Earlier this month, Grammy Award-winning artist Robert Glasper, a jazz pianist and producer, blasted Hill while discussing famous musicians he’d worked with during an interview with radio station 97.9 The Box in Houston.
Most notably, Glasper said the hip-hop songstress stole songs featured on her critically-acclaimed, Grammy-winning 1998 solo album, “The Miseducation of Lauryn Hill.”
Glasper claimed these songs were written by “great” musicians and producers he knows personally and who never received credit for their contributions. He added that he later worked a gig with Hill in 2008 with the mindset that “OK, you stole music.”
Hill responded to Glasper’s claims in a heated essay on Medium Monday, defending her creative process and work ethic.
“I’m confused as to why such a principled musician, who thought I ‘stole’ from his friends, would show up to work for me anyway,” Hill wrote.
“Who are you to say I didn’t do enough? Most people are probably just hearing your name for the first time because you dropped MINE in an interview, controversially. Taking nothing away from your talent, but this is a fact.”
Addressing collaborations with other musicians during the creation of her solo album, Hill wrote:
“You may be able to make suggestions, but you can’t write FOR me. I am the architect of my creative expression. No decisions are made without me.”
She also noted that “Miseducation” was her first time working with artists outside of the Fugees, the ’90s hip-hop group that propelled her into fame. Because of this, Hill said, she “may not have established the necessary boundaries and may have been more inviting than I should have been … I may have been inclusive, but these are my songs.”
In 1998, a group of musicians who worked on “Miseducation” — known collectively as New Ark — sued Hill and her label, claiming she’d “used their songs and production skills but failed to properly credit them for the work.” They asked for partial writing credit on 13 of the album’s 14 songs. The suit was settled out of court in 2001.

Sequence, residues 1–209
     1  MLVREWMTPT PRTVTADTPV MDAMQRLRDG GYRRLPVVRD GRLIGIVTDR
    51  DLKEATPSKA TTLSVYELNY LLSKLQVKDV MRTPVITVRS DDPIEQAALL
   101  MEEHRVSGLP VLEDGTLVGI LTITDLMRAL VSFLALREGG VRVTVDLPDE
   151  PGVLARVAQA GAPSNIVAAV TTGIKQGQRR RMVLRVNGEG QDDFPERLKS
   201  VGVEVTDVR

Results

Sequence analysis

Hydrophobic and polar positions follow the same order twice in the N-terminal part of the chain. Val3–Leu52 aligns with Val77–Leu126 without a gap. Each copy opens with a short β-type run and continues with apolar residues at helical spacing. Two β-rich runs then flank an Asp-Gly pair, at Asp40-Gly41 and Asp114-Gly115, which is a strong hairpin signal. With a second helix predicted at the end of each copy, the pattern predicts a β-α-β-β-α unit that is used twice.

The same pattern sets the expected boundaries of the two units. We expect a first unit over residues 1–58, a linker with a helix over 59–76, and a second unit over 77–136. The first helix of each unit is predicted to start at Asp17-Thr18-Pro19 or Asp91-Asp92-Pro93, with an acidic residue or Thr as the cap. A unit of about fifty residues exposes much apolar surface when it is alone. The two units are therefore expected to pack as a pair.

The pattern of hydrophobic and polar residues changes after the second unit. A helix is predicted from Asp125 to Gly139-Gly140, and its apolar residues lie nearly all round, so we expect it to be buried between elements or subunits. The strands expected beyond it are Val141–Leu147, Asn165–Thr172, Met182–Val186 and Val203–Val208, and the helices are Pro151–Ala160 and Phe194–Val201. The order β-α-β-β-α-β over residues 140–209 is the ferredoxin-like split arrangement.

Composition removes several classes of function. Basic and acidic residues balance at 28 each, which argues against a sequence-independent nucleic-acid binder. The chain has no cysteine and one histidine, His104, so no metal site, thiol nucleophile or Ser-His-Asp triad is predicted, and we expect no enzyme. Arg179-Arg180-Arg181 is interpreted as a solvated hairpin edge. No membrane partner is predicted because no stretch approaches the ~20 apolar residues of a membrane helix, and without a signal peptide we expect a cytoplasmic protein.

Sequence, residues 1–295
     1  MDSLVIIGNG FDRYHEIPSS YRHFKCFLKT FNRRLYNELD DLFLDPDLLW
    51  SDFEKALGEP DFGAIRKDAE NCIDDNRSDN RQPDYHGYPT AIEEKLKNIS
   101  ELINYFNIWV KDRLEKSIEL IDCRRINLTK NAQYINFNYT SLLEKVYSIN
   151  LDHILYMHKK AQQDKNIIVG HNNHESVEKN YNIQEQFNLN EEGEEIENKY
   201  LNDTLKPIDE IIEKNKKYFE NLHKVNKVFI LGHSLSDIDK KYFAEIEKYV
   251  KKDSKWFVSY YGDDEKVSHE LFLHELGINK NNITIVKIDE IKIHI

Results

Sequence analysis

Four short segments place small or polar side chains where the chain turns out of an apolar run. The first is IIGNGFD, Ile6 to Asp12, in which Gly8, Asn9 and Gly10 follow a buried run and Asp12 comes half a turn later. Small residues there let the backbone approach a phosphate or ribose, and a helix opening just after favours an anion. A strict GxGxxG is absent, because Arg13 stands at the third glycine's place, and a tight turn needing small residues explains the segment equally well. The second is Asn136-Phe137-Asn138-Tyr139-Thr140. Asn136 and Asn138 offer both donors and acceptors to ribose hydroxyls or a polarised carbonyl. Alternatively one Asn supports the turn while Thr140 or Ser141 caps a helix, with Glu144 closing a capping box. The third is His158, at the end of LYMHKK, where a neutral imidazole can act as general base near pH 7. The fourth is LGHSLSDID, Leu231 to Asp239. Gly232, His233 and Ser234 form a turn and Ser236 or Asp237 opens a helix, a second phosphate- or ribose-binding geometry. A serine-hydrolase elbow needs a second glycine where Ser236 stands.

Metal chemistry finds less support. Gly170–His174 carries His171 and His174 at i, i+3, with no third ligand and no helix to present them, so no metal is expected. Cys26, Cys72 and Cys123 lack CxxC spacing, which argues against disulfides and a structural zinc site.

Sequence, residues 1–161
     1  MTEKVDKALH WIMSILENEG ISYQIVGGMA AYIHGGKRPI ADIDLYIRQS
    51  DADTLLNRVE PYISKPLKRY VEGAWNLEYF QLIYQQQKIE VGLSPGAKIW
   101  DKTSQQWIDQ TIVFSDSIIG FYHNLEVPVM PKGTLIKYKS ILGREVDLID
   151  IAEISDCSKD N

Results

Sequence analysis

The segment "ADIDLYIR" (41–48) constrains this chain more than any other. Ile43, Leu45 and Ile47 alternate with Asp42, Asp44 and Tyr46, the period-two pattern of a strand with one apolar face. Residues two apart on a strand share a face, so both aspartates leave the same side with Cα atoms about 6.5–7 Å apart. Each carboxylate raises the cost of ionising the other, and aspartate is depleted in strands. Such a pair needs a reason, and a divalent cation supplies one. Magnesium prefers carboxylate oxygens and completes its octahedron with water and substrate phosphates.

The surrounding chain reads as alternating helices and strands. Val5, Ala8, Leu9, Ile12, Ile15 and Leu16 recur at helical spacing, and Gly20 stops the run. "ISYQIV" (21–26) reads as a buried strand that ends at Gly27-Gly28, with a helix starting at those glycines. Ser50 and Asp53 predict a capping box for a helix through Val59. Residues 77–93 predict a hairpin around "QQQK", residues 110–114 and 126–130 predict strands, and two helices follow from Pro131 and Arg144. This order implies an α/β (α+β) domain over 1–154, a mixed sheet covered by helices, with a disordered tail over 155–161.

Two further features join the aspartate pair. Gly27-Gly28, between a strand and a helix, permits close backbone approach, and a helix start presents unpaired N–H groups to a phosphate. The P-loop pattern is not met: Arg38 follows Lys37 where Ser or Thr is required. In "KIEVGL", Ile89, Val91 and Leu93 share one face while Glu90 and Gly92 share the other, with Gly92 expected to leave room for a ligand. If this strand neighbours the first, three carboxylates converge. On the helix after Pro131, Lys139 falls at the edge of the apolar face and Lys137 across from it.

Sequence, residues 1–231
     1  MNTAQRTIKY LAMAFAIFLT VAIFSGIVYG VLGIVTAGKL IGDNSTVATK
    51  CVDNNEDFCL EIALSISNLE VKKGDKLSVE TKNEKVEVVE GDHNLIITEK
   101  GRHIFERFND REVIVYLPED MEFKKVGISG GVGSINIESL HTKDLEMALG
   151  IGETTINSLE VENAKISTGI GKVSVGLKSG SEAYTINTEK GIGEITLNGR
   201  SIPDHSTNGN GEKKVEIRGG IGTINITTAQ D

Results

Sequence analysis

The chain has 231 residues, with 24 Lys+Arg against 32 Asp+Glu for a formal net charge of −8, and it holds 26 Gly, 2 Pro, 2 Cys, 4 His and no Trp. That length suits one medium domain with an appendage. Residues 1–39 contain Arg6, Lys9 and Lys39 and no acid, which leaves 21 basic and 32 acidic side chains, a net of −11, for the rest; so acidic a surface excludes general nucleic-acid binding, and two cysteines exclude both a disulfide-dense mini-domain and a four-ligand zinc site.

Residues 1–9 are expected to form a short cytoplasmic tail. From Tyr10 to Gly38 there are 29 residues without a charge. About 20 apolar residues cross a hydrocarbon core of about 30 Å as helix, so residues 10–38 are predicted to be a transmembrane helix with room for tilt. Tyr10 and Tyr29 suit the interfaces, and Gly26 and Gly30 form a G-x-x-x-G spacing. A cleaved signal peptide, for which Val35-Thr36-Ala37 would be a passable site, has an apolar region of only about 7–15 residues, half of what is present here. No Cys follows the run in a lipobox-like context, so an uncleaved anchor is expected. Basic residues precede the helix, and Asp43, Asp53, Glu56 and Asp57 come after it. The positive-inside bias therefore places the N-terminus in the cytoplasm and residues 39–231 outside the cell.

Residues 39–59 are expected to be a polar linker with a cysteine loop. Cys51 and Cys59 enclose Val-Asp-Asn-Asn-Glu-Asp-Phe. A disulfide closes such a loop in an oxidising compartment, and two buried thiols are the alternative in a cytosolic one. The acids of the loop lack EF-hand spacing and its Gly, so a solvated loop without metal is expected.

During his interview, Glasper also said that he was surprised by how difficult it was to work with Hill in 2008, when he played in her band for a 20-minute show. He claimed she mistreated musicians, including himself, and had strange rules for the people working with her, such as forbidding them from looking her in the eyes and requiring that they address her as “Miss Hill.”
Glasper also shared a lengthy anecdote about how Hill had attempted to cut his and the rest of the hired band’s pay in half at the last second.
“You haven’t done enough to be the way you are,” Glasper said during the interview, referring to Hill. “You just have not. The one thing you did that was great, you didn’t do.”
In her Medium essay, Hill says she has “no recollection” of cutting the bands’ pay at the time, but that she would “never just cut a musician’s pay arbitrarily unless I had a legitimate reason.”
She also highlighted the artistic pressure she felt and still feels as a solo artist.
“No matter how incredible the musicians who play with me are, MY name is on the marquee,” she continued. “The expectation to make it all come together is on me. The risk and the financial losses are on me. Hence, MY VIBE, though not the only consideration, is the priority.”
Hill also addressed Glasper’s claim that she can’t tune a guitar, described her stance on racial justice and explained her late arrival for live performances. To read her essay in full, check it out on Medium.